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The GOP's Problem With Women and Caterpillars

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If there's one thing I've learned about women, it's that they love it when men belittle their concerns. When angry, they adore being told to "calm down." When worried, they want you to pat them on the head. When they have an issue, say, "Don't be silly." Works every time.

Don Draper must be giving sensitivity training to the Republican Party these days as they deal with the fallout from the war on women. They've tried hiding behind priests' vestments, all-male congressional panels and Rush Limbaugh's giant mouth, but younger women are leaving the Republican Party so quickly it's as if someone just put on The Three Stooges. The latest Gallup poll of 12 battleground states showed that women under 50 now support the president over Mitt Romney by a 2-1 margin after being tied a month ago.

Barack Obama leads Romney among all women by 18 points. In 2008, the gender gap was only 12 points. If those numbers hold, Obama can begin writing another inaugural speech. The Wall Street Journal recently looked at those numbers and concluded, "It's over." Republicans might be stuck in a dystopian version of the 19th Century, but they're not stupid. Without women on their side, Republicans will have to pray for an immaculate election.

The real issue here is that Republicans oppose the contraceptive mandate in Obamacare. Obama thinks birth control is preventative medicine that should be freely available to women to prevent the unintended pregnancies that some say are linked to abortions or unexpected children. When these symptoms occur among poor women, we pay for them through Medicaid, costing taxpayers billions of dollars a year. Not only is Obamacare preventing unintended pregnancies, but also unnecessary taxpayer expense.

Many Republicans read the words "contraceptive mandate" and imagine a pharmaceutically induced Caligula. They think taxpayers are footing the bills for dorm room orgies and other sexual excesses that offend their moral cores. This is why social conservatives sincerely believe liberals are waging a war on religion. From inside their alternate universe of religion and sexual prohibition, the concerns of sexually active women must seem illogical, even frivolous.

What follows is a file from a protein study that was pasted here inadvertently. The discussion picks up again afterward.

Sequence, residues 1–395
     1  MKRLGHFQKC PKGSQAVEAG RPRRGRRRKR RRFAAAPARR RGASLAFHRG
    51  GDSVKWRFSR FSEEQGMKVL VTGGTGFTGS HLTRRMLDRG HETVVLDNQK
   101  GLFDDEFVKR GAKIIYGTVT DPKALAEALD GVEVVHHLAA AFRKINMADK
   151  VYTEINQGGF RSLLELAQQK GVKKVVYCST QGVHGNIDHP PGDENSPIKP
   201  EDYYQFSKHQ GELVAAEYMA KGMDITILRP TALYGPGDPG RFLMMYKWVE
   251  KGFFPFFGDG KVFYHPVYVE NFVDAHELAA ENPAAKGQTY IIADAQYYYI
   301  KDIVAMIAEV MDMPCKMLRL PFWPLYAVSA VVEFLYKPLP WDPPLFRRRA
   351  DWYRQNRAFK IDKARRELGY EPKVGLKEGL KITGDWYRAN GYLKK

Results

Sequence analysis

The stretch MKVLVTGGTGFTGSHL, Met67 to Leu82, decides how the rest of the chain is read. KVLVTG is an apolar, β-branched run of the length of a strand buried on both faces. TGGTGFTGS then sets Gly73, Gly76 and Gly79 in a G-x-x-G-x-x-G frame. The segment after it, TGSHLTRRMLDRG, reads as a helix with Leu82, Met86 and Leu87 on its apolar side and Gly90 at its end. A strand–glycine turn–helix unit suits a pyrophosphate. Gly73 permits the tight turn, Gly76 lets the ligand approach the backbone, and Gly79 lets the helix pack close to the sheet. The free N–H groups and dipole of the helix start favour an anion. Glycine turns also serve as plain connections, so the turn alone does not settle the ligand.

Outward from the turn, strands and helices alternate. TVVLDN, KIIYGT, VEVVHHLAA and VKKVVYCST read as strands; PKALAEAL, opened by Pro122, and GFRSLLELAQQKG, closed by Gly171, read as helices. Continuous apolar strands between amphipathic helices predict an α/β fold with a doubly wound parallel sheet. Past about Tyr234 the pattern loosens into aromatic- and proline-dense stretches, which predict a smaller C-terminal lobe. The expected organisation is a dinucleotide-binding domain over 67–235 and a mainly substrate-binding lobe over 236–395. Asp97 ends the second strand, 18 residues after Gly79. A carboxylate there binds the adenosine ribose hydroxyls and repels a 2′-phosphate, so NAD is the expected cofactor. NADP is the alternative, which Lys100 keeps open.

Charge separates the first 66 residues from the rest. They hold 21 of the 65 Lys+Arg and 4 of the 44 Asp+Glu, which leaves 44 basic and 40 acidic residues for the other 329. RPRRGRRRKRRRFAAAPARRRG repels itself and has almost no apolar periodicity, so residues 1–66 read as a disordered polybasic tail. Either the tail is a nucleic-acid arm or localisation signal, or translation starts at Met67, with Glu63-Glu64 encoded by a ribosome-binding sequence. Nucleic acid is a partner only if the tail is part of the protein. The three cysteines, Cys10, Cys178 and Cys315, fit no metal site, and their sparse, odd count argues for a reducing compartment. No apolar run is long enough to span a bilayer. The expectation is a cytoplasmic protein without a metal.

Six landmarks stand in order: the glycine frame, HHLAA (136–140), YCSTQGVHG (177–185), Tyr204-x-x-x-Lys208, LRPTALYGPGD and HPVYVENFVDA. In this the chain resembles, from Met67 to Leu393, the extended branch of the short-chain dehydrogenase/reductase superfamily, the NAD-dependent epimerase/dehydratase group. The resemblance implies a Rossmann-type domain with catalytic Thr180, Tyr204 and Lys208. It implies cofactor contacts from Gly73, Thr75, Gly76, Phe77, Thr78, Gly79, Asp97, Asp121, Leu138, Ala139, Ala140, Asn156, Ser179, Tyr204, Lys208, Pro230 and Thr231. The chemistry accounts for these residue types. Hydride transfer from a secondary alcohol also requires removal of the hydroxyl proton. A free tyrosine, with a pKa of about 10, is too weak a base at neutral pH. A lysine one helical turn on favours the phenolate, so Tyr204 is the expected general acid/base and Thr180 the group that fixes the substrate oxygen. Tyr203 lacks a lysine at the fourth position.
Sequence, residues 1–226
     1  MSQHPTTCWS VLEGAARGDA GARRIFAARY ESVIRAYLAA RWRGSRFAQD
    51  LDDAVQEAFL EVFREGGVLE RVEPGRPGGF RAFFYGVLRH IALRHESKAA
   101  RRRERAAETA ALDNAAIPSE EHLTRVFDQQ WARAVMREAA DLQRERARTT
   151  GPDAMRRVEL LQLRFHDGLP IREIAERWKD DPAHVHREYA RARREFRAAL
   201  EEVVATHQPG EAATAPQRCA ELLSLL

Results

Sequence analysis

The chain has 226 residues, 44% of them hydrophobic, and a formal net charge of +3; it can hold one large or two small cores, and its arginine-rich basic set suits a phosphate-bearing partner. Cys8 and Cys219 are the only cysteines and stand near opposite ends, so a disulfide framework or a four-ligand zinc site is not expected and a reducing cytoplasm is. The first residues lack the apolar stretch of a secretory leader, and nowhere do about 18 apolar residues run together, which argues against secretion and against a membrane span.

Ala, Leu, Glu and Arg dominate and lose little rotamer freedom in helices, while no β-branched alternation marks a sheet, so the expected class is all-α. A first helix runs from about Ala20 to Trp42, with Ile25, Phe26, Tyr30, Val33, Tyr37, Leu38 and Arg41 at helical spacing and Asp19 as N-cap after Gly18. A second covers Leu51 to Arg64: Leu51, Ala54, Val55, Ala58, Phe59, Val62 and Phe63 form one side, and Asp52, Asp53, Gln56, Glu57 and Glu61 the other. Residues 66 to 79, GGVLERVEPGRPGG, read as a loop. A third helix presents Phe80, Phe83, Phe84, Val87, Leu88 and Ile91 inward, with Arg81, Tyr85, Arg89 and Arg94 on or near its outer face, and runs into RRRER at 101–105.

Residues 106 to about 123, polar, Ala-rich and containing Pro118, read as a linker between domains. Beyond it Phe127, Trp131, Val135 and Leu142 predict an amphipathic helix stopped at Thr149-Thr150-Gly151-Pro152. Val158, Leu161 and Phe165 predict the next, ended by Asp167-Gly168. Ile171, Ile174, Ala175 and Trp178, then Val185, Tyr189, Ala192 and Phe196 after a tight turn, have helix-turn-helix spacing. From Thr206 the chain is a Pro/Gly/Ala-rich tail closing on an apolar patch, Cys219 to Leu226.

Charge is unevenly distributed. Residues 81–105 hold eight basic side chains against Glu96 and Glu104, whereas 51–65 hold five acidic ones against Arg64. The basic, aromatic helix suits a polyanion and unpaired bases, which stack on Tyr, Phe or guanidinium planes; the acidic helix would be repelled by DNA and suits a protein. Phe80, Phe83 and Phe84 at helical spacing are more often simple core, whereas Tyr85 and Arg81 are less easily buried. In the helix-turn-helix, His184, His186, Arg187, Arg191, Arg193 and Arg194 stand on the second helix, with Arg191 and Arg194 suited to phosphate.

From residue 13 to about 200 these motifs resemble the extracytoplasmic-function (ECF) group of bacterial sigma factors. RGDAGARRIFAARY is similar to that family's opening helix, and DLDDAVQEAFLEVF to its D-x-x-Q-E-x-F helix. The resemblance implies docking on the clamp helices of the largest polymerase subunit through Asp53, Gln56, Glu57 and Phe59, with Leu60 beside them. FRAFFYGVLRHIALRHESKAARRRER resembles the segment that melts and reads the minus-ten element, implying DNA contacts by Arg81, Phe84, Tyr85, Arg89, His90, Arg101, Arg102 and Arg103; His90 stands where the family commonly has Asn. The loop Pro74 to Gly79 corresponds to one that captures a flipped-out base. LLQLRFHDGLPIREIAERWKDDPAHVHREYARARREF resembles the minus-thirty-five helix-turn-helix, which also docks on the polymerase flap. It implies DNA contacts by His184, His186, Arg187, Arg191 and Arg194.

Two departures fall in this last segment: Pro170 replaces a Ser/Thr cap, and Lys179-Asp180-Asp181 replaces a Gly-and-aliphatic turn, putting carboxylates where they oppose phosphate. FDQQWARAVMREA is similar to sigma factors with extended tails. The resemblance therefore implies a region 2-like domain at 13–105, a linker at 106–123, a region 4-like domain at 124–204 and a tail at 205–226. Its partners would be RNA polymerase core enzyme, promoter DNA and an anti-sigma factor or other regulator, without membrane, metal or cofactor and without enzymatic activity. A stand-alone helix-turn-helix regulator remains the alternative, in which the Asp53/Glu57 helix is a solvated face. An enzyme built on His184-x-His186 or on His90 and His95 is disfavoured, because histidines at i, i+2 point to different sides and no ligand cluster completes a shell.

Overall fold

Enter stage right Reince Priebus, the Republican Party Chairman whose name seems more at home in The Hunger Games than the morning newspaper. He stepped in it recently when he called the "war on women" a liberal media fantasy akin to a war on larva.

"If the Democrats said we had a war on caterpillars, and mainstream media outlet talked about the fact that Republicans have a war on caterpillars, then we have problems with caterpillars," said Priebus.

In other words, calm down ladies, don't worry your pretty little heads. Predictably, comparing their concerns to caterpillars angered liberals ("You're not listening!") and confused conservatives ("Oh, now, honey... "). Mitt Romney, the safety school of the Republican Party, attempted to both minimize and recast this controversy in a way that, I promise you, I am quoting verbatim:

"But there's no question that over the past several weeks, that a discussion about religious liberty was distorted into a discussion about contraceptives. And there was the somehow Republicans are opposed to contraceptives. I think it was most unfortunate twist by our Democrat friends. I think this will pass as an issue as people understand our real position," said Romneybot, whose language chip must need to be upgraded.

Like a married couple that has different versions of the same fight over decades, the war on women will not "pass as an issue" until conservatives stop putting priests between women and their pharmacists and start listening to their real concerns. If the Republican Party stops trying to start a theocracy in women's pants, women might start listening to the Republican Party again.

A good start for Republicans might be to find some credible women to speak on their behalf. The first Bush had Mary Matalin. The second Bush had Karen Hughes. All Republicans have left is Ann Coulter, the Tokyo Rose of feminism. Republicans cannot close the gender gap with spokesmodels such as Reince "Caterpillar" Priebus, Eric "Etch a Sketch" Fehrnstrom and Mitt Romney, three guys who think the problem will go away when we stop talking about it.

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